I penned a piece for Business Day in mid-January summarizing, in 1,100 words (how different blogging is!), what the key developments in media law were in 2015.

Here it is in case you missed it: SANRAL and SAA cases gave weight to media freedom.

In the Business Day piece, I discuss the most important case of the year for the media (even though it didn’t involve the media directly) – City of Cape Town v Sanral, as a result of which, once court documents are filed in court, we can now generally regard them as public documents.  There was also the futile attempt by South African Airways to silence the media from publishing a legally privileged report into its financial affairs : South African Airways Soc v BDFM Publishers.  I also discussed the disappointing Western Cape Full Bench decision in Primedia v Speaker of Parliament, where a majority of the court held that parliament’s broadcasting policy – which resulted in images of the Economic Freedom Fighters being ejected from parliament, not being shown on TV; and the signal jamming that took place at the State of the Nation address last year, not being declared unlawful (this case is on appeal to the Supreme Court of Appeal).

I mentioned the decision by the African National Congress – yet to be implemented – to abolish criminal defamation law, the Film and Publication’s Board’s disastrous draft online regulation policy,  and the Press Council’s new Code of Conduct which has been updated to take into account digital speech, including members’ liability for user-generated content. Continue reading

The timely demise of criminal defamation law

posted in Criminal defamation, Defamation, Freedom of expression, Media law, Musings on Media, Political speech on by

Two weeks ago, I presented at a workshop organized by the African National Congress (ANC) on criminal defamation – how it differs from civil defamation, some recent developments across Africa, and why criminal defamation is unconstitutional, in my view.   At the workshop, the ANC made a dramatic and welcome announcement that it would spearhead legislation to rid South Africa of criminal defamation – an announcement which I wrote about in the Mail & Guardian last week.   The announcement was widely covered in the media – a good report by eNCA can be found here.  Unfortunately for the Democratic Alliance (DA), its premature speculation in a media statement before the ANC’s workshop – that the ANC’s intention was to pass insult laws to protect the president – proved to be a spectacular own goal.  (Of course the DA has other problems to deal with at the moment, following the sharing on Facebook by one of its prominent MPs and the shadow minister of police of a post praising PW Botha).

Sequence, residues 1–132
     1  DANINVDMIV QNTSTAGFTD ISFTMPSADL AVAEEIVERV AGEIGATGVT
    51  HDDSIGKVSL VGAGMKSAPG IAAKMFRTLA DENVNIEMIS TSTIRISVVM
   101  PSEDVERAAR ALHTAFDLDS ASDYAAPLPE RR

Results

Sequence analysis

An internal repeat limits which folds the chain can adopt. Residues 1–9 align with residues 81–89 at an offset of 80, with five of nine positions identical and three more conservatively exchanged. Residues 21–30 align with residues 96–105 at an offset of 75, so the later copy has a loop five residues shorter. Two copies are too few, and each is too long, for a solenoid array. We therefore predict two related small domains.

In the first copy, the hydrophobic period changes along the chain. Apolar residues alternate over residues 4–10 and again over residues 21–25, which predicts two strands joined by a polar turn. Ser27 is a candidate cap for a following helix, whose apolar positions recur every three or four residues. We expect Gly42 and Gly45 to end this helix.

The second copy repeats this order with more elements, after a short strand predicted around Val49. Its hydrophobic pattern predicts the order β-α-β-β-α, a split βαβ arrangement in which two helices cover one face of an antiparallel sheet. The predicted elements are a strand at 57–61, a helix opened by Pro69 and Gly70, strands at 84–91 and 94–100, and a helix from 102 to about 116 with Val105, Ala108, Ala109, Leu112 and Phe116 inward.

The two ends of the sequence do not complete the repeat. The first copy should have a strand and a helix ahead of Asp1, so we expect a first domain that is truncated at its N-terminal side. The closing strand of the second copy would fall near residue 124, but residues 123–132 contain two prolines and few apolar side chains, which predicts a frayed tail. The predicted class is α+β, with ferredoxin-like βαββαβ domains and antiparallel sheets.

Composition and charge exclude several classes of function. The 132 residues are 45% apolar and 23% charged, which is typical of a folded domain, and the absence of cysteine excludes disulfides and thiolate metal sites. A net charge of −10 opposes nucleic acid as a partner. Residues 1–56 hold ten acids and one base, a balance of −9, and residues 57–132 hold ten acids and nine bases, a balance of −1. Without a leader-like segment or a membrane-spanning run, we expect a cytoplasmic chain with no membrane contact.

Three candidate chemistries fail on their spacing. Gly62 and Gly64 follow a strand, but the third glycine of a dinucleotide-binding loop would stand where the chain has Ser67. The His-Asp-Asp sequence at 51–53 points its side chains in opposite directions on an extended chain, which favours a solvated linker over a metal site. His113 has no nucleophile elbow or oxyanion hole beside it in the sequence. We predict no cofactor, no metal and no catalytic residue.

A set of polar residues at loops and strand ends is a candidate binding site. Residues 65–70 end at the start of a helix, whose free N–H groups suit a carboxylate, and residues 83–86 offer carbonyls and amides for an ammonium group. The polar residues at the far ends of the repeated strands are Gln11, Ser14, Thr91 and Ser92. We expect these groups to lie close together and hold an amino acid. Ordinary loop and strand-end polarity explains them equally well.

Here is an extract from my speech which I presented at the ANC workshop on criminal defamation. Continue reading

Are some politicians scandalising the court?

posted in Contempt of court, Court reporting, Fair comment, Musings on Media, Openness, Scandalising the court on by

In recent weeks, following the Al-Bashir scandal, some of our most powerful politicians have made provocative statements highly critical of aspects of our judiciary.

It is now notorious that the government is alleged to have breached a clear court order: that Al-Bashir not be allowed to leave South Africa until such time as the court had rendered its final ruling in the case. (For a good summary of this low point in our constitutional history, see this Mail & Guardian article and the Johannesburg Bar Council’s media release on the issue).

Gwede Mantashe, the Secretary General of the ruling party, never one to mince his words, got the ball rolling on 21 June 2015, saying to the television programme Carte Blanche:

There is a drive in sections of the judiciary to create chaos for governance. And we know, that if it doesn’t happen in the Western Cape High Court it will happen in the Northern Gauteng. Those are the two benches where you always see that the narrative is totally negative and create a contradiction.”

SA Communist Party secretary and Minister for Higher Education and Training, Blade Nzimande, quickly followed suite stating on 7 July 2015 that the judiciary was interfering with the state through its overreaching judgments (see News24 article).

In the same week it was also reported that Minister of Police Nkosinathi Nhleko had allegedly made a statement previously that “some elements of the judiciary meet with characters to produce certain judgments.” (see EWN article).

These statements led to an unprecedented show of force by the leaders of our judiciary, which released a statement on 8 July 2015 emphasizing the importance of respecting court orders and taking issue with what they called “general gratuitous criticism” and “repeated and unfounded criticism of the Judiciary.” Continue reading